Setting the record straight on water issues in Tempe

Editor’s note: The following, received Friday, Feb. 9, is a response to a commentary by Mary Lou Taylor that appeared in the Wrangler News edition of Jan. 13.

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Everyone has the right to express their opinions.  But recently, there was a column printed in this publication that contained misleading, inaccurate and alarming information about our water in Tempe.

We feel compelled to set the record straight because nothing is more important than providing safe, reliable water.  The Tempe City Council and our staff take all water matters—quality, scarcity, reliability and cost—very seriously each and every day.

Tempe provides water service to about 43,000 residential and business accounts serving a population over 180,000 residents, and those who work and visit Tempe. We continue to study water rates because these rates, fees and charges are used to recover the cost of providing this service, including any repairs or improvements to the infrastructure. We don’t set these rates arbitrarily.  The rates are based on usage by various customer classifications.  The more water that goes through our system, the greater the cost to the city.  For the facts about how your water rates are formulated, visit

Delivering safe drinking water to our residents and complying with all drinking water regulations is priority one, which is one reason why we invested in building our new water lab as part of the South Water Treatment Plant and why we have had an asset management program in place for years.

Our responsibility for water quality safety and compliance requires us to collect over 2,000 drinking water samples annually.  Since enactment of the Safe Drinking Water Act in 1974, Tempe has only had one health-based violation of this standard, which was a violation of the standard for Total Trihalomethanes (TTHMs) in May 2017.  This continual testing allows us to monitor water quality throughout the city, which is how we found out we were out of compliance.  For one quarterly reporting period of an annual-running-average sampling series at one of our compliance locations, the maximum TTHMs of 80 parts per billion (ppb) was exceeded (85 ppb).  Steps were promptly taken to address the concern and to confirm improvement through follow-up sampling.

It is important to note that the federal Safe Water standards for TTHM are intended to protect consumers from chronic, cumulative exposure to contaminants, and are based on the potential health effects of drinking two liters of water per day for 70 years.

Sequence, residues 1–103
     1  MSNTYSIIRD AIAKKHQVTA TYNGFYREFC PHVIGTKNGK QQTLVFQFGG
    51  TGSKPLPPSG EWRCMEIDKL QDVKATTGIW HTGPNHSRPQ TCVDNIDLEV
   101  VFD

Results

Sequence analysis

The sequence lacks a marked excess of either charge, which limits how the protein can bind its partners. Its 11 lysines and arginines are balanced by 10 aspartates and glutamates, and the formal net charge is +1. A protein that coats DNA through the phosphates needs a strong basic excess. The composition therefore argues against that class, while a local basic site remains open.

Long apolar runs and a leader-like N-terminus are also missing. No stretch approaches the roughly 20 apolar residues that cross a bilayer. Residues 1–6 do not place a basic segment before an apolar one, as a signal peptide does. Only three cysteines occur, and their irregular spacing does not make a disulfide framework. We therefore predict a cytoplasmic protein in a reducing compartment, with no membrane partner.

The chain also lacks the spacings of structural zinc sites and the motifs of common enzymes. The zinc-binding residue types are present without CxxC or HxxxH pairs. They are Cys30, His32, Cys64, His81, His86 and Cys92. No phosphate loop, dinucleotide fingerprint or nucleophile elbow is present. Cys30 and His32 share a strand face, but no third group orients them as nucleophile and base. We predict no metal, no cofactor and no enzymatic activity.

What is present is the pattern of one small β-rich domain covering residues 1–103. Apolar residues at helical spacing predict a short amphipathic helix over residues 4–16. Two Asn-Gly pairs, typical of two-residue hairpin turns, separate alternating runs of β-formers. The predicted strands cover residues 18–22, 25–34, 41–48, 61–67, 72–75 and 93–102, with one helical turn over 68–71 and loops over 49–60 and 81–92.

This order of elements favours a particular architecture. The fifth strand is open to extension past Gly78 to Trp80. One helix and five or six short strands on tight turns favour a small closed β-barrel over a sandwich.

When we found out about the violation, we notified all city drinking water customers with the potential concerns and when we were back in compliance.  To suggest that residents were not informed of the current safety of their drinking water is to disregard all of the information that we put out to the public via our monthly utility bill, social media, email, our website and our local news outlets.

While we don’t take the violation lightly, to use this incident to alarm our residents is not appropriate. Residents continue to receive safe drinking water and if there is a future issue with our water quality, we will be transparent and inform the public. It’s our job.

Further, the claim that Tempe Fire and Medical Rescue was unable to secure a water supply from a fire hydrant at a recent house fire, is also untrue.  Firefighters were able to hook up to a fire hydrant nearest the house without issue.  In fact, there were a total of three hand lines deployed on the fire. While hydrant issues do occur from time to time, the City of Tempe has an extensive fire hydrant system, with over 9,200 hydrants within our 42 square miles. These hydrants are routinely checked by a cross-departmental team of city employees. In last year’s budget, the Council approved the formation of two dedicated personnel for proactive maintenance of our fire hydrants, and that work is ongoing.

While there is always room for improvement, we’re proud to own a vital community utility that is responsive and values safety and quality above all. We would hope that in the future, we can have a civilized discussion about the issues that are happening in the City of Tempe.  If you ever hear a rumor about the city and wonder if it’s accurate, we encourage you to reach out to us.  We will always provide you the facts, no matter what they are.  We appreciate you giving us a chance to set the record straight.

Updated 2/12/18:

Editor’s note: The above commentary from Mayor Mitchell and Councilmember Keating was posted on our Wrangler News website after it was received on Feb. 9. On Feb. 12, Angie Taylor emailed the following message to “Mary Lou Taylor stands by her editorial commentary and adds she is “grateful these issues are now getting the attention they demand.”





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